3. This map does not match another one the developer has shown the lake point community that has roads coming off this dumping all these cars into the LakePoint residential areas. After seeing all his more detailed maps for his part and his development agreement (what’s in writing) I am highly concerned of the traffic issues and cost to all of us as taxpayers since his development agreement states specifically he is to be paid back for anything he dies for infrastructure such as this or if anyone uses it, connects to it in any way and such as you can read below which is taken from his development agreement. A donation if this land does not mean he won’t get his money back from the county and others 10 X’s the donated amount when he develops all his other land around it.

    Exact Development Agreement Sections.

    Other Financing Alternatives. Upon the request of Saddleback, the County shall
    cooperate in exploring the use of special improvement districts, special service
    districts, and other similar Project-related public procedures and institutions for the
    financing of the construction, improvement, or acquisition of infrastructure,
    facilities, lands, and improvements to serve the Project, whether or not located on
    the Property.

    Reimbursement for Non-Project Use of Infrastructure Improvements. To the extent
    that the infrastructure improvements installed or built by Saddleback as part of the
    Project are sized or otherwise required or utilized to accommodate future
    development outside of the Project, Saddleback shall be entitled to reimbursement
    of such development’s pro rata share of the cost relating to such improvements.
    Infrastructure improvements shall include the construction and installation of
    roadways, bridges, rail road crossings, drainage, water and sewer systems (to the
    extent governed by the County), parking facilities, equestrian, pedestrian, and
    bicycle trails, recreational facilities, landscaping, lighting and traffic control
    fixtures, and similar items. For purposes of this provision, reimbursable costs
    shall include the actual costs of rights of way or easements, construction and
    installation costs, engineering and design fees, administrative costs, incidental fees,
    expenses and charges, including but not limited to capitalized interest required to
    complete the improvements (the “Reimbursable Costs”). The Reimbursable Costs
    shall be increased annually by an amount equal to the percentage increase in the
    Consumer Price Index (CPI-U, all items) of the United States or its successor
    indicator (“CPI”) over the preceding years.

    No party developing property outside of the Project shall be entitled to
    connect to or otherwise utilize the Saddleback infrastructure improvements
    (whether dedicated to the County, owned by a third party entity, or owned
    by Saddleback) unless such parties are authorized by the County to connect
    to or otherwise utilize such improvements (an “Authorized Connection”).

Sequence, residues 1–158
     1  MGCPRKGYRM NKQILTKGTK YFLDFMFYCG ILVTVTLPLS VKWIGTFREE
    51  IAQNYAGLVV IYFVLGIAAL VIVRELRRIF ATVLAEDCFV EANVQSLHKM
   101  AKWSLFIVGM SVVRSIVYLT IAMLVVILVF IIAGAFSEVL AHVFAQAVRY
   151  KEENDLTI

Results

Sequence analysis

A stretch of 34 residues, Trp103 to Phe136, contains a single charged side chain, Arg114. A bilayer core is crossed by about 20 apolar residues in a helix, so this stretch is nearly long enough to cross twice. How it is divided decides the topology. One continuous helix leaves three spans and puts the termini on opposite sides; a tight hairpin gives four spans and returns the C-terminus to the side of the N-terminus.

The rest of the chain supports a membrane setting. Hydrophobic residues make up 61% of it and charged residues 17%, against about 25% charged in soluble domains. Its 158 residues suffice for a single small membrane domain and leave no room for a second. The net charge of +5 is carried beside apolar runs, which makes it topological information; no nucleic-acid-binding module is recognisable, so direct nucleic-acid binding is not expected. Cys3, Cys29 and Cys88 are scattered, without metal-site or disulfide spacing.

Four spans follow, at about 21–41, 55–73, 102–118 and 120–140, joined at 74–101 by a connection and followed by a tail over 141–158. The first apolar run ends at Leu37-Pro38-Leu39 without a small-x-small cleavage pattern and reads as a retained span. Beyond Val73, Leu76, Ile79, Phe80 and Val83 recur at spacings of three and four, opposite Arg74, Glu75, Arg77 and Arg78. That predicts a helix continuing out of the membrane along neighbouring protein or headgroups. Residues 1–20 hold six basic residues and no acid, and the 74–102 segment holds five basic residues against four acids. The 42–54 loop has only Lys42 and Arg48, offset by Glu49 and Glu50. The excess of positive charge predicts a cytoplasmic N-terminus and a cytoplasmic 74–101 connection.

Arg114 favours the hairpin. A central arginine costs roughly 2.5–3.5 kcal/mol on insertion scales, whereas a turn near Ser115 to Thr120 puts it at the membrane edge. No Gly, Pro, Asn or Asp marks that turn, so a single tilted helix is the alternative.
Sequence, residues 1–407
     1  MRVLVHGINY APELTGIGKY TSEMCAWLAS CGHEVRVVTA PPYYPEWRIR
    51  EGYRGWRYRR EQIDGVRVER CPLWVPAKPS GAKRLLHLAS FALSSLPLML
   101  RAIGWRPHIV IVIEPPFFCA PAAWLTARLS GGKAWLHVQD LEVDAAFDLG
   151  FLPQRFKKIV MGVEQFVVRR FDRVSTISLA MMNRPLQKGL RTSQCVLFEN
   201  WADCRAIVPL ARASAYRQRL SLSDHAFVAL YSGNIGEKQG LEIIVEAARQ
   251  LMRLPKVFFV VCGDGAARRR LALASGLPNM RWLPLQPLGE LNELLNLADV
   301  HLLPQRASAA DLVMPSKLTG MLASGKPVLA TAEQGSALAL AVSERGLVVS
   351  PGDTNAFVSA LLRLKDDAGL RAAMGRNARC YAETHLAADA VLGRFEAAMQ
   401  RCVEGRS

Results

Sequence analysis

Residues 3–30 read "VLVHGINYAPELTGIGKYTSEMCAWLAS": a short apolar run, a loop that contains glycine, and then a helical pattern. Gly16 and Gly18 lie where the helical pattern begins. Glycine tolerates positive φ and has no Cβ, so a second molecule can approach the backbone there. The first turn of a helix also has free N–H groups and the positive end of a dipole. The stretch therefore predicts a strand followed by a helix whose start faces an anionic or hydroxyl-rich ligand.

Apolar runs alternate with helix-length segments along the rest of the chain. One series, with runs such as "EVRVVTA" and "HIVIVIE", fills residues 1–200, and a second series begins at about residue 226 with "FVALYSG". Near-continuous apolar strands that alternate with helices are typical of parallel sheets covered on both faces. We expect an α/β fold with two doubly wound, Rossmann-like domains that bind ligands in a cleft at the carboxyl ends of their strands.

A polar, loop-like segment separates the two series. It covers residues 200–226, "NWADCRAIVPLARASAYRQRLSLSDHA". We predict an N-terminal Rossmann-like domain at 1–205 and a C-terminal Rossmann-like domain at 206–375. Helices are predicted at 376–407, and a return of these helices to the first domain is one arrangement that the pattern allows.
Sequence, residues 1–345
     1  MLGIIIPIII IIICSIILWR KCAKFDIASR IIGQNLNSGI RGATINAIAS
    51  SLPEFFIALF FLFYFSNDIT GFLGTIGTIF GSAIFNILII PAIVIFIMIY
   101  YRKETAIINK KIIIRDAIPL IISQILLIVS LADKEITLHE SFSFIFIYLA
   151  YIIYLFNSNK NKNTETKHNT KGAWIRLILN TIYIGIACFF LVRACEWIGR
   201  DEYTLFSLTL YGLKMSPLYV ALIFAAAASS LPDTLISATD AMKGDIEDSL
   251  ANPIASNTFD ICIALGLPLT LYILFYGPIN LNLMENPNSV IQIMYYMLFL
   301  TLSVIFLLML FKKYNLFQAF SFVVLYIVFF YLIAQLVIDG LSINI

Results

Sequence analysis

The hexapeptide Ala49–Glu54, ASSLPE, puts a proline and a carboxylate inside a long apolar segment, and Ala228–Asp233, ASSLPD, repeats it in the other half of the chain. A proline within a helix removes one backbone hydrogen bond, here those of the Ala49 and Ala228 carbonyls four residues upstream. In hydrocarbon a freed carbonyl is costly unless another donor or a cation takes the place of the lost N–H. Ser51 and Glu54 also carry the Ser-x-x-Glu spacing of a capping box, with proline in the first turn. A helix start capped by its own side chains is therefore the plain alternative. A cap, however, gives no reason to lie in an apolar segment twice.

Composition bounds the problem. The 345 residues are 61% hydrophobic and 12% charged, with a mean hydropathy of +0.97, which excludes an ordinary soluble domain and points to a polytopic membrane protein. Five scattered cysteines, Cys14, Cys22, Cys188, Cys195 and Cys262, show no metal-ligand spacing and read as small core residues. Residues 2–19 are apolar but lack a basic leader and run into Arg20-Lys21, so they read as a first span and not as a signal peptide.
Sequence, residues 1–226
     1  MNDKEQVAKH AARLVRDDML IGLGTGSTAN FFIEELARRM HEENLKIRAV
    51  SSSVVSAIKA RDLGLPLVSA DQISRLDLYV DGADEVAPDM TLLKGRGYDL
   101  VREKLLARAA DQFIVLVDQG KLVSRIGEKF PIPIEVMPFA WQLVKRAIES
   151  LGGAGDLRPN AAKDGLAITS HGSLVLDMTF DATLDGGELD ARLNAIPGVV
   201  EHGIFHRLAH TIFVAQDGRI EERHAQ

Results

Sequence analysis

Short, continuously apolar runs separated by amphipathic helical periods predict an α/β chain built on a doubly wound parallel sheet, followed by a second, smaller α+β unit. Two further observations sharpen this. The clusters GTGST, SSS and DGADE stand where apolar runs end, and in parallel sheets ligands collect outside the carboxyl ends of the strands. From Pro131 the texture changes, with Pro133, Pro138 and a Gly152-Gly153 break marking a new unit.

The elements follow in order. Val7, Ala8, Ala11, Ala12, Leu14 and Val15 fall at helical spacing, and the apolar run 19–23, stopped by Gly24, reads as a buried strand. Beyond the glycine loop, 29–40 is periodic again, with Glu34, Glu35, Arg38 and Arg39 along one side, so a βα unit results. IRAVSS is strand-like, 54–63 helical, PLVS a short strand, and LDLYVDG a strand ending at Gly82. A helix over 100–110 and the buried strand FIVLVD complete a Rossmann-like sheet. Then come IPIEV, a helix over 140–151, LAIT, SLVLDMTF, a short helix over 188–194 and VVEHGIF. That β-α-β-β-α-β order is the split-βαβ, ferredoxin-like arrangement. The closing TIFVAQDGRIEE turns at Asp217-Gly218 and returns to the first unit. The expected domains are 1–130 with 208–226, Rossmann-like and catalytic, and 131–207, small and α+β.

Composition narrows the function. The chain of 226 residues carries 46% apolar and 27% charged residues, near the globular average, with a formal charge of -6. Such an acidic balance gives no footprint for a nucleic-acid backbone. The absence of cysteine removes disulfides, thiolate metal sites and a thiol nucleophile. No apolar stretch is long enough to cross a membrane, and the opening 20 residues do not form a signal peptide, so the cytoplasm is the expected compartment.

The County shall impose as a condition of approval on any proposed
    development requiring an Authorized Connection that such development
    immediately pay to Saddleback the Reimbursable Costs applicable to the
    infrastructure improvements being utilized by said development. The
    parties agree that the Reimbursable Costs are designed to reimburse
    Saddleback for Saddleback’s obligation to fund such infrastructure
    improvements and the high cost and risk involved in doing so. The pro rata
    share of a development requiring an Authorized Connection shall be
    calculated by the County at the time the Authorized Connection is approved
    (utilizing an “equivalent residential connection” or similar standard for
    commercial, industrial, and residential development) and shall be subject
    to the written approval of Saddleback, which approval shall not be
    unreasonably withheld.
    ii. No party developing property outside of the Project shall be granted an
    Authorized Connection to utilize any of the Saddleback infrastructure
    improvements that are immediately adjacent to the developing property
    unless said property owner reimburses Saddleback for all of the
    Reimbursable Costs associated with the infrastructure which actually
    borders said property and provides a reasonable benefit to said property.
    In the event a developing property consists of the property which fronts
    only one side of a road, that party shall be required to pay all Reimbursable
    Costs associated with one half of the roadway and other improvements.

  4. We moved in Tooele County about a year ago.
    I’ve hear several different ways to improve traffic. What I don’t understand is that these traffic changes should have been in the works many years ago. The County is dragging their feet. Besides Sheeplane cutoff, they could make even another cutoff East of Sheeplane, a four lane highway. Make it to go down to the South end of Tooele City. There’s no housing, in the way and seems a lot less expensive.
    The other is to improve Middle Canyon going up over into Butterfield Canyon and out into the Salt Lake Valley.